In this case, no other party apart from an evidenced driver can be told to pay. I am the appellant throughout (as I am entitled to be), and as there has been no admission regarding who was driving, and no evidence has been produced, it has been held by POPLA on numerous occasions, that a parking charge cannot be enforced against a keeper without a valid NTK.

    As the keeper of the vehicle, it is my right to choose not to name the driver, yet still not be lawfully held liable if an operator is not using or complying with Schedule 4. This applies regardless of when the first appeal was made and regardless of whether a purported 'NTK' was served or not, because the fact remains I am only appealing as the keeper and ONLY Schedule 4 of the POFA (or evidence of who was driving) can cause a keeper appellant to be deemed to be the liable party.

    The burden of proof rests with the Operator to show that (as an individual) I have personally not complied with terms in place on the land and show that I am personally liable for their parking charge. They cannot.

    Furthermore, the vital matter of full compliance with the POFA was confirmed by parking law expert barrister, Henry Greenslade, the previous POPLA Lead Adjudicator, in 2015:

    Understanding keeper liability
    “There appears to be continuing misunderstanding about Schedule 4. Provided certain conditions are strictly complied with, it provides for recovery of unpaid parking charges from the keeper of the vehicle.

    There is no ‘reasonable presumption’ in law that the registered keeper of a vehicle is the driver. Operators should never suggest anything of the sort. Further, a failure by the recipient of a notice issued under Schedule 4 to name the driver, does not of itself mean that the recipient has accepted that they were the driver at the material time. Unlike, for example, a Notice of Intended Prosecution where details of the driver of a vehicle must be supplied when requested by the police, pursuant to Section 172 of the Road Traffic Act 1988, a keeper sent a Schedule 4 notice has no legal obligation to name the driver. [...] If {POFA 2012 Schedule 4 is} not complied with then keeper liability does not generally pass.''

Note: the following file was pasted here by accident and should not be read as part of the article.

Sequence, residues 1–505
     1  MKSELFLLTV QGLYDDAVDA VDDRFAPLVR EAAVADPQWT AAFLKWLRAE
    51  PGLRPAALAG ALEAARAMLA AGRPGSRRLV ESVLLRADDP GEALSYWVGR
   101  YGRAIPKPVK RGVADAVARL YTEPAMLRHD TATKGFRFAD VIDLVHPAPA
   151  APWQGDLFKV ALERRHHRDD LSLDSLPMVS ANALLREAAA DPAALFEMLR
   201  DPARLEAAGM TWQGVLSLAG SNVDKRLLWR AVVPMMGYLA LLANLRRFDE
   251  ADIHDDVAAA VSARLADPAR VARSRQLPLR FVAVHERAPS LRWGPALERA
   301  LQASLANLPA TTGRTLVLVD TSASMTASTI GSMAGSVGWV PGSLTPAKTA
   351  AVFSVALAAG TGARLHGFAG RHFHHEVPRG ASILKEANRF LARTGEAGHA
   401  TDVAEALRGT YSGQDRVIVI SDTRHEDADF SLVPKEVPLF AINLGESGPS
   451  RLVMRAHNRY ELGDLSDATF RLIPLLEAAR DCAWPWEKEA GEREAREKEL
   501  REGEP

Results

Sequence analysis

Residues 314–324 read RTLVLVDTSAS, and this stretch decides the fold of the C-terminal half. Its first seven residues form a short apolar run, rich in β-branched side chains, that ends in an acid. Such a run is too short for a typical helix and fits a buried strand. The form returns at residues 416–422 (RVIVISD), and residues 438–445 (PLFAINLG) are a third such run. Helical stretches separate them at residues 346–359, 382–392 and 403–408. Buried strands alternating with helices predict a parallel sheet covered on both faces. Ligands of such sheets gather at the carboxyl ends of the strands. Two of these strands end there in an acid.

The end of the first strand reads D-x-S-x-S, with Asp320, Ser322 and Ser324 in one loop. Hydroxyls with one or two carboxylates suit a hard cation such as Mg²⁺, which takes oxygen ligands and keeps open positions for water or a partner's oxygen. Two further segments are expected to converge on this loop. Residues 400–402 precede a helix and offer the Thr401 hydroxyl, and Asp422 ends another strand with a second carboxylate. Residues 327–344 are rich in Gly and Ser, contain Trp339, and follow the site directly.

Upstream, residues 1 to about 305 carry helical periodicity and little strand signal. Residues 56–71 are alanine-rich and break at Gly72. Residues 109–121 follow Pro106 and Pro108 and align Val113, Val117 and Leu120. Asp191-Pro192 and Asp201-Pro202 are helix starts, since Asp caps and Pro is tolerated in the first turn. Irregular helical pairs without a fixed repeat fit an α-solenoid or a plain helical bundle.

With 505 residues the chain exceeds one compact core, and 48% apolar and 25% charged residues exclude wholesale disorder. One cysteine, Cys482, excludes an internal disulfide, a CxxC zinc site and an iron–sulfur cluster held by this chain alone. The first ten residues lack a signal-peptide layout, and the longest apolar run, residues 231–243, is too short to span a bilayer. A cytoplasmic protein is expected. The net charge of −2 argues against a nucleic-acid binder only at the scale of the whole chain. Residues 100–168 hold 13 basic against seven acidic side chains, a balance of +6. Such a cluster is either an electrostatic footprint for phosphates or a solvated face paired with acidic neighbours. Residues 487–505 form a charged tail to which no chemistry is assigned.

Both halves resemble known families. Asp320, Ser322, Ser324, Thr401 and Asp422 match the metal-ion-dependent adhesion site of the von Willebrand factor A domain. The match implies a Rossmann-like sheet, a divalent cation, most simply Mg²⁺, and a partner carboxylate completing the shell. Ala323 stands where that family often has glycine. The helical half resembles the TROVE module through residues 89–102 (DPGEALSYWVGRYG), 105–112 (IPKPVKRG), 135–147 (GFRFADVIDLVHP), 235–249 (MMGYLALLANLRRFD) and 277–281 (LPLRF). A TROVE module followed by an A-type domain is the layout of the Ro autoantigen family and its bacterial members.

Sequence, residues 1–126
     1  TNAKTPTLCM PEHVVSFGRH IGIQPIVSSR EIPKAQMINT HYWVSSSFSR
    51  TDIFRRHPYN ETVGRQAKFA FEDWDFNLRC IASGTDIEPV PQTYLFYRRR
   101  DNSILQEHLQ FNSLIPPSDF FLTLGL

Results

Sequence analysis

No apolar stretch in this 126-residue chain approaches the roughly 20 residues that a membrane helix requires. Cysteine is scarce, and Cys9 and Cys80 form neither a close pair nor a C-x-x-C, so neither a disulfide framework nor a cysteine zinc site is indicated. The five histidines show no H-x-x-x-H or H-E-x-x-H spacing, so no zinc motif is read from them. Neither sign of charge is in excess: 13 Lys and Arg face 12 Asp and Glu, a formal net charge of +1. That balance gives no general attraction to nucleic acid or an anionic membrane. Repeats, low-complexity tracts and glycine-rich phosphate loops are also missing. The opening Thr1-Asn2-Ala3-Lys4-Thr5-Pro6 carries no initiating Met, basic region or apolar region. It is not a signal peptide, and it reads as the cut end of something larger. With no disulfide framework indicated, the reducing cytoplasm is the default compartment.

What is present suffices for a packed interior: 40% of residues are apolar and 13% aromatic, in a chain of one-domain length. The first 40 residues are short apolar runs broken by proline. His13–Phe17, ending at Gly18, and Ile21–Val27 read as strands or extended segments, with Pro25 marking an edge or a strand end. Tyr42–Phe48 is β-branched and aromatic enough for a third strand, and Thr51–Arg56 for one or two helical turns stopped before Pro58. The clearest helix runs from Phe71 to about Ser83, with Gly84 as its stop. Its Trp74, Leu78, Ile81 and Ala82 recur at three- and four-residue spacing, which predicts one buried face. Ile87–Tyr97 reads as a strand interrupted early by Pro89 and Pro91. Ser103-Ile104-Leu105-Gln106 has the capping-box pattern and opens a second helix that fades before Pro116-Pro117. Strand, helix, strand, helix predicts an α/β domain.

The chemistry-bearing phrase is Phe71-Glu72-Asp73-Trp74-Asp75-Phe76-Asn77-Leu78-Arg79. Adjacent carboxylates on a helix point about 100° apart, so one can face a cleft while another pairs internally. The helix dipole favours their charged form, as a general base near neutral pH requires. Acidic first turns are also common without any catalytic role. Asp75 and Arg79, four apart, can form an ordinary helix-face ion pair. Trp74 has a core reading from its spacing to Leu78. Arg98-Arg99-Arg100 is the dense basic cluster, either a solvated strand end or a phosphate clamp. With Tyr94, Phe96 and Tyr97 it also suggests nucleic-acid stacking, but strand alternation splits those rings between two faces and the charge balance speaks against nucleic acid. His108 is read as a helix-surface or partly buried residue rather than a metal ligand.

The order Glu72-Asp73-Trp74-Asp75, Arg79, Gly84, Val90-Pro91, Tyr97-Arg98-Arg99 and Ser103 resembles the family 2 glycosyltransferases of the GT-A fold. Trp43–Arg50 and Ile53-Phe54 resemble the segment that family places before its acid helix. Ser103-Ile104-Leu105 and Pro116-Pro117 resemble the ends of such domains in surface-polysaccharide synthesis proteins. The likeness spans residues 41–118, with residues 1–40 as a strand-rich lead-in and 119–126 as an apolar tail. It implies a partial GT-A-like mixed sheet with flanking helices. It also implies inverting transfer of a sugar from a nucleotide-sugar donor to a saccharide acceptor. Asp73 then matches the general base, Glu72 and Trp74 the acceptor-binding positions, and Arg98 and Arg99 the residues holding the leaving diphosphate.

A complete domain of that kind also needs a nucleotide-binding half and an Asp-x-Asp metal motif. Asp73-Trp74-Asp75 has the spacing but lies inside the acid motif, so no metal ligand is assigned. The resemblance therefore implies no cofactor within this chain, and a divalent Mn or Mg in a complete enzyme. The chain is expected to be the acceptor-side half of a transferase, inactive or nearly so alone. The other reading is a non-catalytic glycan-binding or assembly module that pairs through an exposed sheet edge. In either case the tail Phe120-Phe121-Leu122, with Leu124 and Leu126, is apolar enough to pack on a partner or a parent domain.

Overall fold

Therefore, no lawful right exists to pursue unpaid parking charges from myself as keeper of the vehicle, where an operator cannot transfer the liability for the charge using the POFA.

    This exact finding was made in 6061796103 against ParkingEye in September 2016, where POPLA Assessor Carly Law found:
    ''I note the operator advises that it is not attempting to transfer the liability for the charge using the Protection of Freedoms Act 2012 and so in mind, the operator continues to hold the driver responsible. As such, I must first consider whether I am confident that I know who the driver is, based on the evidence received. After considering the evidence, I am unable to confirm that the appellant is in fact the driver. As such, I must allow the appeal on the basis that the operator has failed to demonstrate that the appellant is the driver and therefore liable for the charge. As I am allowing the appeal on this basis, I do not need to consider the other grounds of appeal raised by the appellant. Accordingly, I must allow this appeal.''


    3)No evidence of Landowner Authority - the operator is put to strict proof of full compliance with the BPA Code of Practice

    As this operator does not have proprietary interest in the land then I require that they produce an unredacted copy of the contract with the landowner. The contract and any 'site agreement' or 'User Manual' setting out details including exemptions - such as any 'genuine customer' or 'genuine resident' exemptions or any site occupier's 'right of veto' charge cancellation rights - is key evidence to define what this operator is authorised to do and any circumstances where the landowner/firms on site in fact have a right to cancellation of a charge. It cannot be assumed, just because an agent is contracted to merely put some signs up and issue Parking Charge Notices, that the agent is also authorised to make contracts with all or any category of visiting drivers and/or to enforce the charge in court in their own name (legal action regarding land use disputes generally being a matter for a landowner only).

    Witness statements are not sound evidence of the above, often being pre-signed, generic documents not even identifying the case in hand or even the site rules. A witness statement might in some cases be accepted by POPLA but in this case I suggest it is unlikely to sufficiently evidence the definition of the services provided by each party to the agreement.